Hendrik M said...

Epic.

Jealous of the adventure, I am hoping to do the same some time next week or the week after, just too busy with work at the moment to be able to escape.

Its written Laavu, btw, at least here in Finland where the term originated =)

Nielsen Brown said...

Excellent photos as always, and sounds like a great trip, sadly whilst I will be out in the snow Sunday, the views will be no where near as wonderful as yours.

Thanks for the report

Thunder In The Night said...

Nick - absolutely. I'm caught up with some red tape and belligerence that is holding up a small inheritance. I've been spending too much time fretting about stuff I'm going to buy or dismissing what I already have. I forget that I have perfectly serviceable kit that will suffice, as long as the temperature stays above about -10C!

Hendrik - every website I go on spells lavvu/laavu/lavuu a different way! If it originated in Finland then that is the way it should be spelt. Then there is the whole 'is it Lapp or Sami?' debate. Or I could just use 'snow tent' and side-step the whole issue :-)

Roger - I was loving the 'starry sky' programme mode! I have dozens of images of the stars now! I think there are wonderful views to be had everywhere. I often get a hankering for the woods and rugged coastline back home and this year I'm planning on quite a bit of wild, remote beach camping. Different.

Jörgen Johansson said...

Very inspiring. I long to be out there as well.

PhilT said...

That looks incredible - great trip and photos! Over here the thaw is well and truly setting in and everything's just a bit soggy.

Incidentally - the word verification below reads 'skingli' - is that Lapp for "Skiing Englishman"?!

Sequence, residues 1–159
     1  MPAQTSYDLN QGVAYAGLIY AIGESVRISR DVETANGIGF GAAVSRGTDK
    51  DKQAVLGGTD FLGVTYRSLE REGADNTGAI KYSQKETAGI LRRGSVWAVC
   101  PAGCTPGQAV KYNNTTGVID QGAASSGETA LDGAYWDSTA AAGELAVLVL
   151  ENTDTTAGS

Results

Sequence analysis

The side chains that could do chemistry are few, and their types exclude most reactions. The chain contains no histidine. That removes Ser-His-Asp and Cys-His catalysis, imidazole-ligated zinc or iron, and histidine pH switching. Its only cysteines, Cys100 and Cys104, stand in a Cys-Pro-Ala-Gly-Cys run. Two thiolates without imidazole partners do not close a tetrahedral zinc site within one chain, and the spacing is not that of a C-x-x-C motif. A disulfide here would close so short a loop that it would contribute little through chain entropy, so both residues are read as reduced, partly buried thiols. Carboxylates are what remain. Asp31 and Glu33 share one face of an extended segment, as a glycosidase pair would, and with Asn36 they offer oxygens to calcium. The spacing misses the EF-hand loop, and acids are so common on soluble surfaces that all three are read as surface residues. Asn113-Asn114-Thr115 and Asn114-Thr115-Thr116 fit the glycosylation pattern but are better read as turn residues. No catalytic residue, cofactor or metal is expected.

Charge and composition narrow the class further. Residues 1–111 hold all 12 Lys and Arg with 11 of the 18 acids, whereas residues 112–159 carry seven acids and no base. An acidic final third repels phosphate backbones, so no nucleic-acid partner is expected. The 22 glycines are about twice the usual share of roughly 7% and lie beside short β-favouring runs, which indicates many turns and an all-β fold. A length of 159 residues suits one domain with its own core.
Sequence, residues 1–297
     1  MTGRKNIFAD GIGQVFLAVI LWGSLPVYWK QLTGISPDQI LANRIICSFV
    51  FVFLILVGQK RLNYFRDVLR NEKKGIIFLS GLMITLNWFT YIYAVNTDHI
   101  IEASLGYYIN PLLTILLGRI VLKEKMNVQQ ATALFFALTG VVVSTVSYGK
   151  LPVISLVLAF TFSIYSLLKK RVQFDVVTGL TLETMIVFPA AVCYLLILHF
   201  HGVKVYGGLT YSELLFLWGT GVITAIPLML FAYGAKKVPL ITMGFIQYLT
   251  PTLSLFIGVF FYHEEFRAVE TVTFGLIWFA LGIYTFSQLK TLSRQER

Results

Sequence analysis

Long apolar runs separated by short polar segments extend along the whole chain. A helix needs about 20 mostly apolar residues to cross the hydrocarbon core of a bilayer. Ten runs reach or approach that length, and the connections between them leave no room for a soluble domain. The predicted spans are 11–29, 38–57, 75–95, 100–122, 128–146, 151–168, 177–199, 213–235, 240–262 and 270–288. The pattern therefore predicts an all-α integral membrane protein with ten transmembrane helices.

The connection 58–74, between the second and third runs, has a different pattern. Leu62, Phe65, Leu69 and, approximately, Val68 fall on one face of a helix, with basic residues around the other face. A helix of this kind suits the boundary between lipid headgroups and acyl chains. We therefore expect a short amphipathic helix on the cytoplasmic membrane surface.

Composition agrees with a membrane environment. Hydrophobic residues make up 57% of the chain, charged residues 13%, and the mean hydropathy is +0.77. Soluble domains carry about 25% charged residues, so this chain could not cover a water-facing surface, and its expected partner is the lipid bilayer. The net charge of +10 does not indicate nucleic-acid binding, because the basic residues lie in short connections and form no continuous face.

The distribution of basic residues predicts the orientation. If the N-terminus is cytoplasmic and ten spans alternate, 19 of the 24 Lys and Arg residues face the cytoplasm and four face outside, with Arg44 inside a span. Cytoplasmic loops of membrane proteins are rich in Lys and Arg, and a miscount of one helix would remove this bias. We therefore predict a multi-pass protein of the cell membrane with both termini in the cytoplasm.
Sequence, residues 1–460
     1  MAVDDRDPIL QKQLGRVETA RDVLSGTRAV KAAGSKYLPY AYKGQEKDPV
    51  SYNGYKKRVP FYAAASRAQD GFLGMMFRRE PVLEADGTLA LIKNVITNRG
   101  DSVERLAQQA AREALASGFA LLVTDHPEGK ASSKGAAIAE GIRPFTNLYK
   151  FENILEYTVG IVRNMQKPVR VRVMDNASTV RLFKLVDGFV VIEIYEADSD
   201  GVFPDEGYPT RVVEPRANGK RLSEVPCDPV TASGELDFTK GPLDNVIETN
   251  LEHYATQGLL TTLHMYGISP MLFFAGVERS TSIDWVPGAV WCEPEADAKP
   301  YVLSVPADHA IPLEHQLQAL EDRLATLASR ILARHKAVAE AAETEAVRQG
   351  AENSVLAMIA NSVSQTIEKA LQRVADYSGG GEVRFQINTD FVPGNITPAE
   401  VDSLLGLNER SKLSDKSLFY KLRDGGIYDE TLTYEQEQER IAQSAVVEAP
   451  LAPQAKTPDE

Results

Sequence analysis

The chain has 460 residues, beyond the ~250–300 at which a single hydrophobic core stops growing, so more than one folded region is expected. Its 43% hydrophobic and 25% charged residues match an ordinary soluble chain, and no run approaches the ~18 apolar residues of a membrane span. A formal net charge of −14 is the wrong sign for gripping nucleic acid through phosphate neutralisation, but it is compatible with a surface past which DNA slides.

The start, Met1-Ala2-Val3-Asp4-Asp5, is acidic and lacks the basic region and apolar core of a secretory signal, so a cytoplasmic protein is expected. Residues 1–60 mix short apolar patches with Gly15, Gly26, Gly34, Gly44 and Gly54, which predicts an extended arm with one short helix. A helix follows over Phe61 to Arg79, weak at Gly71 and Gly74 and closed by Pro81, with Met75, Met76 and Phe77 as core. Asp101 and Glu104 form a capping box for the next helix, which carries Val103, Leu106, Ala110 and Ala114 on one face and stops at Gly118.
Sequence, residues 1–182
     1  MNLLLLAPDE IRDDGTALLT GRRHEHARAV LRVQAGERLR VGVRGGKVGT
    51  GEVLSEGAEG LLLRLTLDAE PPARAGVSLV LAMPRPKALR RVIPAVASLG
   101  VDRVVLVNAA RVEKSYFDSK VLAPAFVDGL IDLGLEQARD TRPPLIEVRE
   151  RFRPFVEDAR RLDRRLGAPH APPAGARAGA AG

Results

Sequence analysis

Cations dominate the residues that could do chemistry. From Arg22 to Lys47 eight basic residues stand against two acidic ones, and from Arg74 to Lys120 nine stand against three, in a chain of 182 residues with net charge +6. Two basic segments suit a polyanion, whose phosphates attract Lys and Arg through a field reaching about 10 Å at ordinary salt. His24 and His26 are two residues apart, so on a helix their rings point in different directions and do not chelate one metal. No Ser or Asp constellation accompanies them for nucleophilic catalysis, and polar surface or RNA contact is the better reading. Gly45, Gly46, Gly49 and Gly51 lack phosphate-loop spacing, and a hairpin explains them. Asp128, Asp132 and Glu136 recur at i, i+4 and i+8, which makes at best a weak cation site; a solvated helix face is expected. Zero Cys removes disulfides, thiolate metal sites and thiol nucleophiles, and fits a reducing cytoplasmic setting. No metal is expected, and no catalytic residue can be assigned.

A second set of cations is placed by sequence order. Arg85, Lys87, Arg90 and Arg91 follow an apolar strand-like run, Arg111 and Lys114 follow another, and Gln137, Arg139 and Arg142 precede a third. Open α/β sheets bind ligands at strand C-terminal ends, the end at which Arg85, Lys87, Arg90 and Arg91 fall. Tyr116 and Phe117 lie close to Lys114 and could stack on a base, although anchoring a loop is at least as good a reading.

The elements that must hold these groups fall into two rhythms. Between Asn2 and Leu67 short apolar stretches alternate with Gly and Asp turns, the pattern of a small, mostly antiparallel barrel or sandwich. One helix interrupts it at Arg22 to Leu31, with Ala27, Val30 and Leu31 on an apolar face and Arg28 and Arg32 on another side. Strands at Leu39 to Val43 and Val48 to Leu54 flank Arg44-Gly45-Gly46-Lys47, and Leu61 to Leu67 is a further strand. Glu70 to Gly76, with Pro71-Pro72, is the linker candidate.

Martin Rye said...

The joy of the outdoors and a wildcamp done very well, and written about very well. Thanks for that Joe.

James Boulter said...

A great trip report Joe. I feel that people are getting more and more hung up about gear and forgetting that it is actually getting outside that is important! I love the starry sky shot btw.

Thunder In The Night said...

Jorgen - thank you. I look forward to hearing about your epic ski tour soon.

PhilT - There isn't much time left for this 'skingli' to ski around the city. The trails are packed down hard, icing up and slowing fading. Still some time left for some skiing in the mountains though.

Martin - you're welcome. Thanks for your kind words.

James - it can get in the way sometimes of why we do this. I've been guilty of that recently. I like the starry sky shot too. It's always good learning new techniques with your camera.

Thomas W. Gauperaa said...

Great post! I'm not much of a winter camper, but this is inspiring. Maybe I should go for an overnighter next weekend.

Joe said...

Thomas - do it! Stay close to an escape route if necessary but do it! Personally I think it's even more beautiful out there now than in the summer.

kate said...

ace! proving it's not always about epic heroic adventures. inspiring :)

Joe said...

Kate - adventure is on your doorstep. Sometimes it's harder to take that first step into the backyard than it is to leave on an longer, more adventurous trip.